We prematurely panicked when we found ourselves amongst the trendy shops, raucous springbreak-like 20 somethings, and rich tourists.  We quickly retreated out of town to reassess our options. We found a nice bike trail along the lake, and started to feel better about the area.  That quickly changed when I had a head-on collision with another cyclist on the bike trail.  It was a blind corner and both of us were going pretty fast.  He put his head down and bashed it directly into my bicep -- good thing he had a helmet on to sustain the impact from my big pipes.  The guy kept asking me if I was okay. At first, I couldn't answer him.  Both of us stood up, and I realized that the sole of my shoe was gone -- a testament to the force that removed me from my bike.  As I hobbled up the trail, the guy asked me for the 20th time if I was okay.  My answer: "I'm fine, I just need to get the sole of my shoe...".  I did, in fact, find the sole of my shoe. Fortunately, I only had to hobble about half a mile back to the van.  I must have landed on my arm, because I was convinced that it was broken. I decided to postpone the hospital visit until the next day, but in the morning, I was shocked at how much better it felt.  However, with the "broken" arm feeling better, I noticed the other deep bruises all over my body.  Looking back on the accident, I feel sooooooo lucky that I didn't break anything -- what a major bummer that would have been.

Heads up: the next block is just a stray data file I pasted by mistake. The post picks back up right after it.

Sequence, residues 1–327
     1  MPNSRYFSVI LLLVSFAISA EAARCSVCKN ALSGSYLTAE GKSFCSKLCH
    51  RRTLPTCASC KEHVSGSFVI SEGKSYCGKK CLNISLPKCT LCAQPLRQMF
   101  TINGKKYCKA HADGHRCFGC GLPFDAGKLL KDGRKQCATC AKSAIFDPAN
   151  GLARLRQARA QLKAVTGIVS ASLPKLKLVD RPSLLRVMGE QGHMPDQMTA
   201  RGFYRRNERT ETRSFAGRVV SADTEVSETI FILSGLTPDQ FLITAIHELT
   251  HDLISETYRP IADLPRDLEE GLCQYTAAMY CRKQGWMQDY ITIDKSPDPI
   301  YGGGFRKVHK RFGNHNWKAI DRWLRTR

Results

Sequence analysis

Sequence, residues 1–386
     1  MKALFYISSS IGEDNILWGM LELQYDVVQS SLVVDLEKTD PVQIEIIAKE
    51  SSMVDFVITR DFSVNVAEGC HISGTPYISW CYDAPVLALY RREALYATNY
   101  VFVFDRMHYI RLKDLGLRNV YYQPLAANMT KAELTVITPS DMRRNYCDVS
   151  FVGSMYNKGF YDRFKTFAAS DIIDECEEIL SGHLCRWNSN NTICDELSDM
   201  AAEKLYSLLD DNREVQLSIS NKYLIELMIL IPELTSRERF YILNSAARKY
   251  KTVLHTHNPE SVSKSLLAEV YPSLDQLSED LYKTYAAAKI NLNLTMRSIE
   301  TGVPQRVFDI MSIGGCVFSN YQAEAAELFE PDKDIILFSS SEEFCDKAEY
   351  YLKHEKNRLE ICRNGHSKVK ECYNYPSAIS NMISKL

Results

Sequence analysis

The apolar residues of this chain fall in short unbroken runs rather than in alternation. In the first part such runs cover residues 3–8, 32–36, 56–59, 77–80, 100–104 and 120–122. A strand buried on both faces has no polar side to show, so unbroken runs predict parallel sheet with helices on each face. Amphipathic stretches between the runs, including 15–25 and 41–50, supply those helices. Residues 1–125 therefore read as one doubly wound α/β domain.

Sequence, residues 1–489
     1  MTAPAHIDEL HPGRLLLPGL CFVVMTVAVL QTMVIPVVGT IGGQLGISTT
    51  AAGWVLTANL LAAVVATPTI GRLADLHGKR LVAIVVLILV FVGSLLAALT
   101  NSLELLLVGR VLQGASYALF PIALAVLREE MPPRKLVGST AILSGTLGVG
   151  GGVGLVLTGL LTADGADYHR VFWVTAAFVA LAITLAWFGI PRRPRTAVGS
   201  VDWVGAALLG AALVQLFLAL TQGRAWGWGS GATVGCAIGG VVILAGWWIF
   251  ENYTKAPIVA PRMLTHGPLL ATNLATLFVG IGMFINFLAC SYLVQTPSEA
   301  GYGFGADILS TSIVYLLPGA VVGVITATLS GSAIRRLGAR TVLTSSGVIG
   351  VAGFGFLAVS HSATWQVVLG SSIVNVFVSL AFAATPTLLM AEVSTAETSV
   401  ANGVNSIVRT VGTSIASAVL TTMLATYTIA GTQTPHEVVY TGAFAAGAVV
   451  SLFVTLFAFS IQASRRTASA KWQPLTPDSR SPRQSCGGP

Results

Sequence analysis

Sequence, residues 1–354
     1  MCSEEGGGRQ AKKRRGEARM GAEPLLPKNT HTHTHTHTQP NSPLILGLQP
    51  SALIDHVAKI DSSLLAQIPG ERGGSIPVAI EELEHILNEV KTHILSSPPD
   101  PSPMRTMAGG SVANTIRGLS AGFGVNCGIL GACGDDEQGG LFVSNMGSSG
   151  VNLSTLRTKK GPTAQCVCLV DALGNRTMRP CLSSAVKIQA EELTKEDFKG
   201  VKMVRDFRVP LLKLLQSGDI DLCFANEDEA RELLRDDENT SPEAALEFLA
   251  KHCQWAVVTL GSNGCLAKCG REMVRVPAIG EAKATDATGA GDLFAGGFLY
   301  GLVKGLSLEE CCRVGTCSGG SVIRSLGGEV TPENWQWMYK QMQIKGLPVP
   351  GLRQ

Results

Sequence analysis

Stay tuned for Queenstown, Part II...

Wednesday, October 13, 2010

Ohau We Love Backcountry Snowboarding

Portable yurt in Mt. Dobson parking lot
We finally managed to pull ourselves away from Timaru and head towards the mountains again.  The weather forecast was for sun, light wind, and warm temps so we revisted the Mt. Dobson parking lot with our portable yurt (the van) and spent 3 days in the backcountry.  We stayed until the last day of the season, afterwhich, they closed the private access road.

Next, Scott had scoped out the Ohau skifield, about 2 hours southwest of Mt. Dobson in the Ohau Mountain Range.  Our backcountry ski book had suggested that even if the skifield is closed for the season, you can request access at the bottom of the road at the Ohau Lodge. We headed to the
Lake Ohau in the background
lodge and expected nothing more than a quick transaction to pay an access fee and/or get a key to unlock the gate.  What followed was a very weird interaction with one of the co-owners of the Ohau Lodge.  At first, he told us "no, we don't let people up the mountain when there is snow and danger of avalanche".  Scott pushed back, saying that our backcountry book suggested that they allowed it.  The manager told us they allow people up there in the summer, but not right after closing the skifield (which had been the day before).  He went on to tell us that they hadn't locked up the buildings or property.  Although Scott continued to push back, both of us were resolved to leave and started turning to head out the door.  The manager then started asking us where we were from, where we had been, what we were doing, etc.  Annoyed, Scott gave him short answers.  It turns out, the manager was worried that we were locals (the accent didn't give us away?) and that we would soon be telling everyone about the poaching opportunity in the Ohau backcountry after the resort was closed (again, it was in the book!).
Hiking up from Dumbell Lake in the Ohau Range
After he felt assured that we weren't locals, he told us he would unlock the gate for us, and he didn't charge us anything.  We still don't understand why he played such games with us, but we'll be prepared next time. There is a lot of public land in NZ that can only be accessed via private roads, so this may happen again.

The following 2 days were bright, sunny and magnificient on the mountain.  The views of Ohau Lake below us and the southern alps were the best part.  Since the snow wasn't the best, we were happy to leave after a couple of days.   Only one casualty -- we lost a hub cap on the road up (or down?).

A baby huck in the Ohau Range